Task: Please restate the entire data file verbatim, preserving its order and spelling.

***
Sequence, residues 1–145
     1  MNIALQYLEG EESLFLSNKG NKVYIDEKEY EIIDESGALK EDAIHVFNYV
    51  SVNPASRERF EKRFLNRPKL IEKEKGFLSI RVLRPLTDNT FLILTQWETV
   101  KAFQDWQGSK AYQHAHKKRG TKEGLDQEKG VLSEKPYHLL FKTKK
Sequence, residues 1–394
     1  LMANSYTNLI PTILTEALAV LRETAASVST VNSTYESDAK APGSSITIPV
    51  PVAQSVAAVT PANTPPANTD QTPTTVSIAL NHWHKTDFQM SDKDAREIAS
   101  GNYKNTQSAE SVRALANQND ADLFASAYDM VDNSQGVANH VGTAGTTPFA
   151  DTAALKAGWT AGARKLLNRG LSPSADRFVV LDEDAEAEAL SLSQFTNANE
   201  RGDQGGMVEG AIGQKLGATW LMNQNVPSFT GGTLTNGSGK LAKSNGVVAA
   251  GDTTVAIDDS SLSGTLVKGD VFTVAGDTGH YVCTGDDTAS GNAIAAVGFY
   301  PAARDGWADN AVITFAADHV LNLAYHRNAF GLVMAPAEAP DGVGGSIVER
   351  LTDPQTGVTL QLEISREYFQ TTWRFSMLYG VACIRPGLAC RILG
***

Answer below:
Sequence, residues 1–145
     1  MNIALQYLEG EESLFLSNKG NKVYIDEKEY EIIDESGALK EDAIHVFNYV
    51  SVNPASRERF EKRFLNRPKL IEKEKGFLSI RVLRPLTDNT FLILTQWETV
   101  KAFQDWQGSK AYQHAHKKRG TKEGLDQEKG VLSEKPYHLL FKTKK
Sequence, residues 1–394
     1  LMANSYTNLI PTILTEALAV LRETAASVST VNSTYESDAK APGSSITIPV
    51  PVAQSVAAVT PANTPPANTD QTPTTVSIAL NHWHKTDFQM SDKDAREIAS
   101  GNYKNTQSAE SVRALANQND ADLFASAYDM VDNSQGVANH VGTAGTTPFA
   151  DTAALKAGWT AGARKLLNRG LSPSADRFVV LDEDAEAEAL SLSQFTNANE
   201  RGDQGGMVEG AIGQKLGATW LMNQNVPSFT GGTLTNGSGK LAKSNGVVAA
   251  GDTTVAIDDS SLSGTLVKGD VFTVAGDTGH YVCTGDDTAS GNAIAAVGFY
   301  PAARDGWADN AVITFAADHV LNLAYHRNAF GLVMAPAEAP DGVGGSIVER
   351  LTDPQTGVTL QLEISREYFQ TTWRFSMLYG VACIRPGLAC RILG